On June 1, 2017 there were changes in the laws governing Small Claims cases. Cases involving up to $5000 now go to the Civil Resolution Tribunal. The Provincial Court now deals with cases from $5001 to $35,000 in its “Small Claims court”. This page describes Small Claims court generally, and how matters may move from the Civil Resolution Tribunal to Small Claims Court.

Types of disputes you can bring to Small Claims court

The Small Claims Act gives the Provincial Court authority to decide cases when people (or other legal entities such as companies or societies) sue one another for up to $35,000 in claims for:

  • debt or damages
  • recovery of personal property or opposing claims to person property
  • performance of agreements about personal property or services.

The Provincial Court does not have the power to grant remedies in cases involving:

  • an interest in land
  • personal property security
  • bankruptcies
  • trademarks
  • wills and estates
  • libel and slander
  • malicious prosecution
  • residential tenancy (though Residential Tenancy Branch orders may be enforced in Provincial Court)
  • almost all builders’ lien matters, and
  • lawsuits against the federal government.

For cases that can’t be brought to Provincial Court, see the websites of the BC Supreme Court, Residential Tenancies BC, or the Federal Court of Canada.

Different procedures apply to Small Claims cases, depending on the amount of money involved and the court location.

  • Claims up to $5000
  • Claims for $5001 to $10,000 in Vancouver and Richmond
  • Claims for $10,001 to $35,000 in Vancouver and Richmond, and

$5001 to $35,000 in other Provincial Court locations

However, in any Small Claims trial if you do not have a lawyer you may find it helpful to bring a trusted friend or family member with you to provide emotional support, take notes, and organize documents. The Provincial Court has adopted Support Person Guidelines that explain when you are permitted to have a support person help you, and what they can do. For more information on Support Persons see this eNews article and poster.

Claims up to $5000 must be taken to British Columbia’s new online Civil Resolution Tribunal (CRT) in cases involving:

  • debt or damages
  • recovery of personal property or opposing claims to person property
  • performance of agreements about personal property or services.
  • claims for libel, slander or malicious prosecution
  • claims for or against the government
  • claims excluded from the authority of the CRT by regulations (there are no such exclusions now)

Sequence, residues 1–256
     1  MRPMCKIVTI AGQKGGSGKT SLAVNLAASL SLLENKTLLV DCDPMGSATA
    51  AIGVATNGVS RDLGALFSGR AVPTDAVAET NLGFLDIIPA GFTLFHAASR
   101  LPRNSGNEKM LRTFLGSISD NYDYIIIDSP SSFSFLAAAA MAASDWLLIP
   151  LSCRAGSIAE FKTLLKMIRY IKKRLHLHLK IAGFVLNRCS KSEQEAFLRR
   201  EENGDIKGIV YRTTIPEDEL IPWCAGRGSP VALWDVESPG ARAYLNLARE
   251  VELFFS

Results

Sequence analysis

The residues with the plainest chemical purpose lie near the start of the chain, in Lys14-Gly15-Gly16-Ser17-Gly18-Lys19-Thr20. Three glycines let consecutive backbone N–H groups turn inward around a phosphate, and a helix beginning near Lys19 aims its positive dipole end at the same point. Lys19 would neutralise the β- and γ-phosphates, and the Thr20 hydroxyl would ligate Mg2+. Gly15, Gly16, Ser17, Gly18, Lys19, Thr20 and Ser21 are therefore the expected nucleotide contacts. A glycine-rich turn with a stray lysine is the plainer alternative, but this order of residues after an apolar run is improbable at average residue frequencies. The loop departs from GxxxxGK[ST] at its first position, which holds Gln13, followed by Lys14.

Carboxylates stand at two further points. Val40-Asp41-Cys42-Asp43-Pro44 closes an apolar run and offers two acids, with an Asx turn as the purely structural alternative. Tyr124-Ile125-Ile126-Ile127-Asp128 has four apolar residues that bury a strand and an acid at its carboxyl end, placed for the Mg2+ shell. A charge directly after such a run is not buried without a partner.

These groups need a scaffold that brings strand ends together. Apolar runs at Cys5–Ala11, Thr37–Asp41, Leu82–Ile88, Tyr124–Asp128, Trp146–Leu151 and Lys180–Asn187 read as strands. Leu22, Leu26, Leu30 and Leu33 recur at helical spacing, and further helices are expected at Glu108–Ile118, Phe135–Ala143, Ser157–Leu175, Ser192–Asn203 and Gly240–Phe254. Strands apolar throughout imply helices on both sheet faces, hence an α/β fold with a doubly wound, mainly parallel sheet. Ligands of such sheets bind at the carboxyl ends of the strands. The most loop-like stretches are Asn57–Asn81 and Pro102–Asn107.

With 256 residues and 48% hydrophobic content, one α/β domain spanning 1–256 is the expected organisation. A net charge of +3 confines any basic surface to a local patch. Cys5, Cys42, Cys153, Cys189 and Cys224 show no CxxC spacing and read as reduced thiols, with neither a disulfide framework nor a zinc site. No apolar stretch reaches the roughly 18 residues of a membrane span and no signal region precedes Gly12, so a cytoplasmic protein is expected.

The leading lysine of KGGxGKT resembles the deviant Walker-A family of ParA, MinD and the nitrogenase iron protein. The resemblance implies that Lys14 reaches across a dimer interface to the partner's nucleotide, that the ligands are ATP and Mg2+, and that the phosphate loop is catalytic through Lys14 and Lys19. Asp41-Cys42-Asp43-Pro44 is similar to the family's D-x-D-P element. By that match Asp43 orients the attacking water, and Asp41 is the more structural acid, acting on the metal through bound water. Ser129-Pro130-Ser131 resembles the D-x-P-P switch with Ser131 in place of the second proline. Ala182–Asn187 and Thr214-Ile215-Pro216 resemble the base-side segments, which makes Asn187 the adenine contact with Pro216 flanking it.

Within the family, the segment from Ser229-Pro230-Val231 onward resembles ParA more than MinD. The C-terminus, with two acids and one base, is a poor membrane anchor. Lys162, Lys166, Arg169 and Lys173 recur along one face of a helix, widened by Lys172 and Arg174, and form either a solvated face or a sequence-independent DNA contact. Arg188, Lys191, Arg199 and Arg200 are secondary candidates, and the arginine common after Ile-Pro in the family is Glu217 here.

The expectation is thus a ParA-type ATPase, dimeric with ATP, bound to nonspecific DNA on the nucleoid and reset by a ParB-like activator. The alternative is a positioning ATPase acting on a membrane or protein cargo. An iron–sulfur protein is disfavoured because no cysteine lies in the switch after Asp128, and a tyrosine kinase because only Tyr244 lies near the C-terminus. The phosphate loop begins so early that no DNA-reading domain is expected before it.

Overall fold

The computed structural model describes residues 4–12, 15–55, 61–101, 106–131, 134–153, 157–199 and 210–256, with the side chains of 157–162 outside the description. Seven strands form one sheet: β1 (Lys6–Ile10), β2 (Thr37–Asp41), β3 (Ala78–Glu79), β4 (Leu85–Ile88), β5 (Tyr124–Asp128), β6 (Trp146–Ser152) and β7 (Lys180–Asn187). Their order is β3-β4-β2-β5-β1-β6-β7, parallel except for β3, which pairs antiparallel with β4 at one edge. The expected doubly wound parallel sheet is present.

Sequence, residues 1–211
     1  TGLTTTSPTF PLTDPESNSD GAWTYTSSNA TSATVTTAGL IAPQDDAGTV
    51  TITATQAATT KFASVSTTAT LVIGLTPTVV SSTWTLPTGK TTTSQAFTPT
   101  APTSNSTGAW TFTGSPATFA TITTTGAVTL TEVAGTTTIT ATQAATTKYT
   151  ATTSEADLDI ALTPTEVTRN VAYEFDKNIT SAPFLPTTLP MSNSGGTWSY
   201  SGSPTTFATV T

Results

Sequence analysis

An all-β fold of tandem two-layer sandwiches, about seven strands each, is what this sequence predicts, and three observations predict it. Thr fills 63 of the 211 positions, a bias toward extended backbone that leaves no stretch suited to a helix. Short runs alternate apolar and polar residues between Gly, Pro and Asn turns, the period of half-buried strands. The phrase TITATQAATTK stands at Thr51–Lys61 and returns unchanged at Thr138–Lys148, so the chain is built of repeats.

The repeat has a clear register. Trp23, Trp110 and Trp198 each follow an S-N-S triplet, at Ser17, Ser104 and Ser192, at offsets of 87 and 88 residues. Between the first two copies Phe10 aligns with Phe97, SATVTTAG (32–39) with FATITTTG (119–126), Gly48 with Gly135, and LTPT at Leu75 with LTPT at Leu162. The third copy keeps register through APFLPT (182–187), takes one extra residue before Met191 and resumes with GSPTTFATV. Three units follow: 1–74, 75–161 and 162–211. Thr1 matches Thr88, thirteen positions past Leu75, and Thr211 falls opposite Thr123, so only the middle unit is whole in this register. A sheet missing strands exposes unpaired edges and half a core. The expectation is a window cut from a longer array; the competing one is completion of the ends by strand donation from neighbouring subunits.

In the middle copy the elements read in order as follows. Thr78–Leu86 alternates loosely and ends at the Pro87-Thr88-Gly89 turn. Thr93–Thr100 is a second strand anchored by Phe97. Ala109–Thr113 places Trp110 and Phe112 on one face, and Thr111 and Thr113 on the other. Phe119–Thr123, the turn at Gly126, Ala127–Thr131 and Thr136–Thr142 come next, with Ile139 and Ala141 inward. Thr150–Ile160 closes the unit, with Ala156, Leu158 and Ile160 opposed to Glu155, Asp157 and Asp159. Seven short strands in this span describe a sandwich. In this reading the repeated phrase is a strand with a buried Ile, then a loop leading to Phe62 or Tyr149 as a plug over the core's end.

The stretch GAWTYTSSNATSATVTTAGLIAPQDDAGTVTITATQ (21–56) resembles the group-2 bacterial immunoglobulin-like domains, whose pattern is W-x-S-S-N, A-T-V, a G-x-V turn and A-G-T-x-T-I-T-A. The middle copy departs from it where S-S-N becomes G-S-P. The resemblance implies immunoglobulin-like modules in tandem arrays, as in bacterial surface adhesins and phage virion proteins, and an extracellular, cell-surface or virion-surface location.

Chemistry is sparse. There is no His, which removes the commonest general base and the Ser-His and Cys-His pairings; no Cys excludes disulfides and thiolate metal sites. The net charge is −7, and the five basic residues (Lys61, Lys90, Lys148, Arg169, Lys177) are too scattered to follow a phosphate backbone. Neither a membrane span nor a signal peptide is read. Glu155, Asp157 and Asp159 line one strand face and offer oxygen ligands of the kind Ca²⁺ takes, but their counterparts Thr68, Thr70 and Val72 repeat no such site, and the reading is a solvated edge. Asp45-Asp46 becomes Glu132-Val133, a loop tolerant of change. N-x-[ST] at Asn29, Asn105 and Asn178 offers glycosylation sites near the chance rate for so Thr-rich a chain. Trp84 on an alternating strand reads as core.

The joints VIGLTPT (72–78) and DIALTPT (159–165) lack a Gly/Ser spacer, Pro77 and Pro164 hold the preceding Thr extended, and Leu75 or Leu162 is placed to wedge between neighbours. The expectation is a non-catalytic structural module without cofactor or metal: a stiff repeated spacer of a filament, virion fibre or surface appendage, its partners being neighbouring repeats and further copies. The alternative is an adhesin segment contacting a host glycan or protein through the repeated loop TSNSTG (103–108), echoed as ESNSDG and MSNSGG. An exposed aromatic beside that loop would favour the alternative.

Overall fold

• a constitutional question (any question requiring notice under section 8 of the Constitutional Question Act)
  • a question of whether there is a conflict between the Human Rights Code and another law.

The CRT will provide a three-stage process involving:

  1. negotiation – first you will communicate online with the other party to see if you can quickly settle the dispute between yourselves
  2. facilitation – if that doesn’t work, trained CRT staff will try to help you settle
  3. adjudication – if you can’t resolve the dispute, a Tribunal member may make a decision and it can be enforced like a court order in the Provincial Court, unless you or the other party files a notice of objection.

For more information about the Civil Resolution Tribunal and how to use it, visit its website and the BC government website.

Will Provincial Court deal with claims under $5001 in any way?

The Civil Resolution Tribunal Act requires that disputes within the CRT’s authority, to be called “Tribunal Small Claims”, must go through the CRT process. However, a claim for less than $5001 will still come to Provincial Court in certain circumstances. For a quick overview of the pathways to Provincial Court see this flowchart.

When the CRT refuses to resolve a claim

The CRT can refuse to resolve a claim within its jurisdiction for several reasons, including that the claim:

  • is too complex or otherwise impractical for the CRT to manage or resolve
  • doesn’t disclose a reasonable claim or is an abuse of process
  • has been resolved through a legally binding process
  • involves a constitutional question or conflict between the Human Rights Code and another law or when the CRT is satisfied a Provincial Court Judge would grant an application for exemption if one were made.

When a party applies to Provincial Court to be exempted from the CRT

You may apply to Provincial Court for exemption from the CRT process and a judge may order the CRT not to facilitate or adjudicate a claim if:

  • the CRT doesn’t have jurisdiction (legal authority), or
  • it is not in the interests of justice and fairness for the CRT to facilitate or adjudicate the claim.

You must file an application for exemption in Provincial Court within 14 days after a response is made in the CRT. The CRT Act sets out factors a judge may consider.

When a party files a notice of objection

In adjudicated matters

If you are not satisfied with a CRT adjudicator’s decision you can file a notice of objection with the CRT within 28 days after you receive the decision. When that happens, the CRT final decision is not binding and it’s not enforceable.